Family members of those lost in the Newtown, Conn. school shooting, Mark and Jackie Barden, with their children Natalie and James, who lost Daniel; Nicole Hockley, mother of Dylan, upper left, and and Jeremy Richman, father of Avielle in the back, stand together as President Barack Obama speaks in the Rose Garden of the White House, Wednesday, April 17, 2013, in Washington. Obama spoke about measures to reduce gun violence and a bill to expand background checks on guns that was defeated in the Senate. (AP Photo/Carolyn Kaster)
WASHINGTON (AP) — Disappointment. Disgust. Grossly unfair.
That's how some families who lost loved ones in December's massacre at a Connecticut elementary school view the Senate's defeat this past week of the most far-reaching gun control legislation in two decades, as they pledged to keep fighting for measures to prevent gun violence.
Neil Heslin, Erica Lafferty and Carlee Soto were among the Newtown, Conn., family members who spent a week on Capitol Hill describing how their loved ones died at Sandy Hook Elementary School on Dec. 14. But their stories of horror and heroism were no match for a threat from the National Rifle Association to rate the vote, and concern from Republicans and a small band of rural-state Democrats.
Lafferty, whose mother, school principal Dawn Hochsprung, lunged unarmed at the gunman to stop him from firing the assault weapon, said she was "honestly disgusted that there were so many senators that are doing nothing about the fact that my mom was gunned down in her elementary school, along with five other educators and 20 6- and 7-year-old children."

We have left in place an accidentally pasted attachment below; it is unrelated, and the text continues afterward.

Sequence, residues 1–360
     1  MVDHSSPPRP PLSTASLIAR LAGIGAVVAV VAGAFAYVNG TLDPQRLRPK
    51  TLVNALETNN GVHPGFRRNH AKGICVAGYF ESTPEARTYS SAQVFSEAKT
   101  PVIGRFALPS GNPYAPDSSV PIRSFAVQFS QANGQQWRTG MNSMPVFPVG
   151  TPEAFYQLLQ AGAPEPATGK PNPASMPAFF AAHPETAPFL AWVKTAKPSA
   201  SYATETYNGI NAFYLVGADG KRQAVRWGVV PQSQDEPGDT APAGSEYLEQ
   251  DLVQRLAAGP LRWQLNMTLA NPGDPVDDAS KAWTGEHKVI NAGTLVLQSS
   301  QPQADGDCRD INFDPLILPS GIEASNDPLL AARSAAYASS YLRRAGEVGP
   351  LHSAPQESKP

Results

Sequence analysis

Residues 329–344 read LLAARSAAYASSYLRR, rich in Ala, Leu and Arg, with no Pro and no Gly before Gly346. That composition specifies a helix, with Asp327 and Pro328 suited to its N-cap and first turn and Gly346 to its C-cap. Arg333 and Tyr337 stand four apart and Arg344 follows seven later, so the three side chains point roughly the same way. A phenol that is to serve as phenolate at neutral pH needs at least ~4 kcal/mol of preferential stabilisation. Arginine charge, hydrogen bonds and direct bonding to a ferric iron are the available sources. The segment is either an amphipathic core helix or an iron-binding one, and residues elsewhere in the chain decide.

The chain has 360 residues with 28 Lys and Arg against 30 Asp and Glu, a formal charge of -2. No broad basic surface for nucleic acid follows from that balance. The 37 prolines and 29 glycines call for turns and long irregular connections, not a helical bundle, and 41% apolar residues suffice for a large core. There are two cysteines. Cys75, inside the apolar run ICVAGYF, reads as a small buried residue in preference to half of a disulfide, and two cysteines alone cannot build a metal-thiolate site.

The Senate rejected on Wednesday a series of gun control bills that would have tightened background checks for buyers, banned assault weapons and high-capacity ammunition magazines, and loosened restrictions on carrying concealed weapons across state lines, the last measure backed by the NRA.
Within hours of the votes, former Rep. Gabrielle Giffords accused senators who opposed the new regulations of "cowardice" in a piece published in the New York Times' op-ed page. Giffords was among 13 people wounded two years ago when a lone gunman opened fire as she met with constituents in a Tucson, Ariz., shopping mall, killing six others. She and her husband, retired astronaut Mark Kelly, had lobbied for the bills' passage.
On CBS' "Face the Nation," moderator Bob Schieffer asked Heslin, Lafferty and Soto Sunday whether the words "cowardice" and "cowards" were appropriate to describe Wednesday's vote.
"I do," said Heslin, who's 6-year-old son Neil Lewis died at Sandy Hook. "I feel they're not standing up for what they should be."
Carlee Soto, recounted her sister Victoria's courage to try to save her students, Neil Lewis among them.
"My sister wasn't a coward that day. My sister pushed the kids up against the wall, out of sight," she said, adding, "She protected her kids. Why aren't they protecting us?" referring to the senators who voted against the gun bills.
The families say the gun legislation would have strengthened laws already in effect rather than undercut the Second Amendment, which provides a constitutional right to bear arms.
"It's beyond me how these congressmen cannot stand up and support something that would prevent — or help prevent — something like this from ever occurring again," Heslin said.
"We aren't going to go away. I know I'm not," he added. "We're not going to stop until there are changes that are made."
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